The 7th of May was Me Day when the whole world revolved around me for 24 hours.

It wasn’t my birthday or anything, it was just a day when the whole world gathered round to worship me and celebrate how amazing I am. Or was. You may not remember it because I think you were temporarily dead that day.

Ooh, this post on Script Trajectory was quite good. Must have been ill that day.

The papers in May did a mighty fine job of promoting the BluRay/DVD release of Strippers vs. Werewolves by pretending not to know something they patently do and being all sniffy about it in a headline grabbing way.

I can’t be fucked with this, I’m knackered. I’ll finish it off tomorrow.

JUNE

Hooray! It’s tomorrow!

For me, probably not for you.

June! The month of … more stuff.

Surprisingly little stuff, actually.

All I did was make a mis-step and bitch about people asking me perfectly reasonable questions.

Fuck you, June, you suck.

JULY

July was the month I was recruited by a clandestine organisation to invade a nation of pixie warmongers who live in an old forgotten tea cup behind my garden shed. I was given a spud gun, a nifty secret hat and a licence to break wind in public and sent off to murder pixies. After a series of, frankly, quite dull adventures involving grit and teaspoons, I found myself in Yakatang (the capital of the pixie nation, it looks a bit like Harlow only not quite so grim and with a few extra pixies). I was all set to assassinate King Ian (Yakatang’s chief biscuit maker and all round bastard) when I realised the whole incident was merely the result of a dodgy kipper that morning and I had actually invaded Lakeland, naked save for a pink Santa’s hat and brandishing a small clockwork frog.

Come to think of it, that might not have happened either.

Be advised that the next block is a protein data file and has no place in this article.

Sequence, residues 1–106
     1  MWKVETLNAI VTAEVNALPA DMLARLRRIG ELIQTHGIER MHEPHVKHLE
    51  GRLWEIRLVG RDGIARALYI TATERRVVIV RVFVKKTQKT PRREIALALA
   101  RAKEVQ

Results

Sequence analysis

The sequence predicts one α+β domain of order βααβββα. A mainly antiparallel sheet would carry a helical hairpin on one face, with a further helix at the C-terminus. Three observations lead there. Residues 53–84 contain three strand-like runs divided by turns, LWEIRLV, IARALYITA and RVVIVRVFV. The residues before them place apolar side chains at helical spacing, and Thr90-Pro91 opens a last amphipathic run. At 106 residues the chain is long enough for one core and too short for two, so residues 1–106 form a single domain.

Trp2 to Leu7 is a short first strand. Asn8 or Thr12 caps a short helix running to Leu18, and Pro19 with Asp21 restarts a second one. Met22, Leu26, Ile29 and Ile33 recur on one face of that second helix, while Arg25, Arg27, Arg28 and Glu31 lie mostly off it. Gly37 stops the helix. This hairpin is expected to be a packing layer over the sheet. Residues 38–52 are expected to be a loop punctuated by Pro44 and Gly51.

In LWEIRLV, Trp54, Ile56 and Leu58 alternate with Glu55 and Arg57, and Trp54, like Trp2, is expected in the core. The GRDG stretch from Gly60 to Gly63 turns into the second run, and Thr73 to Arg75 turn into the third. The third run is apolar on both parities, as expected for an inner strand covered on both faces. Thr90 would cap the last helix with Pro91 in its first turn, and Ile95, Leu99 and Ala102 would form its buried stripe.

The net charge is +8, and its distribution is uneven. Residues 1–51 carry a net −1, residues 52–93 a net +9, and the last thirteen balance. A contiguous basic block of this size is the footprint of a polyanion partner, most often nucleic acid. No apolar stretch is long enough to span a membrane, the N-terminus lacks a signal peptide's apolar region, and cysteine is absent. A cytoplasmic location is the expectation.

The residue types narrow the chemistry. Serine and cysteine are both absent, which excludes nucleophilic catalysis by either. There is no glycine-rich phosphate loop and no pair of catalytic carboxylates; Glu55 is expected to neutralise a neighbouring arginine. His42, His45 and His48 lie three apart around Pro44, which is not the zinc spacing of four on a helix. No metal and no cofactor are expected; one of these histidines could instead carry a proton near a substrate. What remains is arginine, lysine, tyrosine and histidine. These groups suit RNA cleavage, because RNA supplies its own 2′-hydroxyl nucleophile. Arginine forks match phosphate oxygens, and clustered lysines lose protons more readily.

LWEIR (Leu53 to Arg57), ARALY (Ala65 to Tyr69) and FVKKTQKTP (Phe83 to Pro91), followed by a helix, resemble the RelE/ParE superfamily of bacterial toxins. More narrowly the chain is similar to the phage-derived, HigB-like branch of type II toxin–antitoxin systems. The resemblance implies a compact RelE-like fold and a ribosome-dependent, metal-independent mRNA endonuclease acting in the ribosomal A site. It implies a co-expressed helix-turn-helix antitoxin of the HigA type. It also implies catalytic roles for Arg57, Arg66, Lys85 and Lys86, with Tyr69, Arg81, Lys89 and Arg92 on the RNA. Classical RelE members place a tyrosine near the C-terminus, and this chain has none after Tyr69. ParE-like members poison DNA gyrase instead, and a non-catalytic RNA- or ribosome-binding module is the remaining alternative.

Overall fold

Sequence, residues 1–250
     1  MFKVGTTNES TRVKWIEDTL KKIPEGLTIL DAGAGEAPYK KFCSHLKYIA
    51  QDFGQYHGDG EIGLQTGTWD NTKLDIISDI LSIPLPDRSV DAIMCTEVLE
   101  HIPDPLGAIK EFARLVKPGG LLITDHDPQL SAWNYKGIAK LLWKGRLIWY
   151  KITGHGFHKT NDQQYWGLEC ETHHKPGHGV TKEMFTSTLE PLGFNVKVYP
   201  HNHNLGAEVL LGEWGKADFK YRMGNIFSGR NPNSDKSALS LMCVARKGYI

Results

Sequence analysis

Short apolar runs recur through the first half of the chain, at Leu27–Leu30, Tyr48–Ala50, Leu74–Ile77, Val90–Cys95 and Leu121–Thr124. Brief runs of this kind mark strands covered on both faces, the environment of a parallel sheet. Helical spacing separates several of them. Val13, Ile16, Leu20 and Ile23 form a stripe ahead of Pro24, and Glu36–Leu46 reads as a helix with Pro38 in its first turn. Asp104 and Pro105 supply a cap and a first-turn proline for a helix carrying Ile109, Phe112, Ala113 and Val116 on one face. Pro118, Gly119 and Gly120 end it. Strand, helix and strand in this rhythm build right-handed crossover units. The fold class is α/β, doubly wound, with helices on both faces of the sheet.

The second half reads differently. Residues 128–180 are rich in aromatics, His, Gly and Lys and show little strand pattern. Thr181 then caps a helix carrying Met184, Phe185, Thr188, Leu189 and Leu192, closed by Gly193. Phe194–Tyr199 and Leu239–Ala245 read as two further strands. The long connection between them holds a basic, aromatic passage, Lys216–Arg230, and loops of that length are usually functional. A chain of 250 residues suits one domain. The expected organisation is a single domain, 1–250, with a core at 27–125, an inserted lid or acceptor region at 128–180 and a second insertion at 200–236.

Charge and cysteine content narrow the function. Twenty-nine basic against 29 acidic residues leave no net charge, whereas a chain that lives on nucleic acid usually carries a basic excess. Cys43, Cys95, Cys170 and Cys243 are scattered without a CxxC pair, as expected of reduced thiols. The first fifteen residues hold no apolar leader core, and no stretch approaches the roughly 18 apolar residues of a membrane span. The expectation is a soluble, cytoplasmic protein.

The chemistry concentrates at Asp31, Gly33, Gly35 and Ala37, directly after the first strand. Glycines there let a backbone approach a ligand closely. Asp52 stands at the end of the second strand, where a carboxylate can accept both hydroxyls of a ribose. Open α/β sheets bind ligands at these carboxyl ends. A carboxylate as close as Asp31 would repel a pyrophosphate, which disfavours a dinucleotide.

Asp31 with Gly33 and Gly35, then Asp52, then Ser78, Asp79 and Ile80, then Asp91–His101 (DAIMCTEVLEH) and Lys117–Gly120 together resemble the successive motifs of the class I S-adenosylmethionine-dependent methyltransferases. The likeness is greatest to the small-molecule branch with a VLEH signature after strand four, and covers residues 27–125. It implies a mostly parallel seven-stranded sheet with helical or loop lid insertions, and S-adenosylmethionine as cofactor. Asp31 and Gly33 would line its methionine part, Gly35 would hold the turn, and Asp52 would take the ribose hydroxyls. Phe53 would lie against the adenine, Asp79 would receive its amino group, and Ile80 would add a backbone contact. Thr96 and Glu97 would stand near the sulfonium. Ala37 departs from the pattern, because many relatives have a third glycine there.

I can’t really remember July, can you?

Oh wait, yes I can. In July I …

Went to the BBC TV Writers’ Festival, met all sorts of splendid people and burbled insanely about The Dukes of Hazzard at every opportunity.

I also said Fuck You, Mr Arnopp.

… and then got all serious with some musings on disability in scripts. That one’s worth reading again.

AUGUST

In August I declared myself FREE to whatever the fuck I want, any time I fucking want to do it!

Then did this …

… which probably wasn’t worth the effort.

Then I watched The Dark Knight Rises … which was worth even less effort.

I did fuck all for a couple of weeks and then I had a serious think about the difference between horizontal and vertical careers. Basically, producers can opt for horizontal careers, scriptwriters can’t.

I rounded off August by giving away literally hundreds of literal pounds … because I’m either nice or a complete fucking mug.

HELLO-is-it-tea-youre-looking-for-Mug

SEPTEMBER

Slipped off to the secret writing island for interesting conversations about ‘the first ever genital piercing’ and ‘how to wake someone up with a spoon’ before proclaiming I had a new regime … and then failing to do anything about it.

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Bigged up Helen Smith‘s new book The Miracle Inspector, because she’s all kinds of lovely and I felt like it.

The Miracle Inspector by Helen Smith

I paused for a bit longer and dropped in a secret plug for Jason Arnopp’s new book without anyone knowing I’d done it.

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Hmm … it kind of looks like I spent the entire month on my secret writing island. Wonder if that was true?

Ooh! I got really shouty about people giving bad advice!

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Which was probably uncalled for. Except it wasn’t! Don’t listen to the cunts!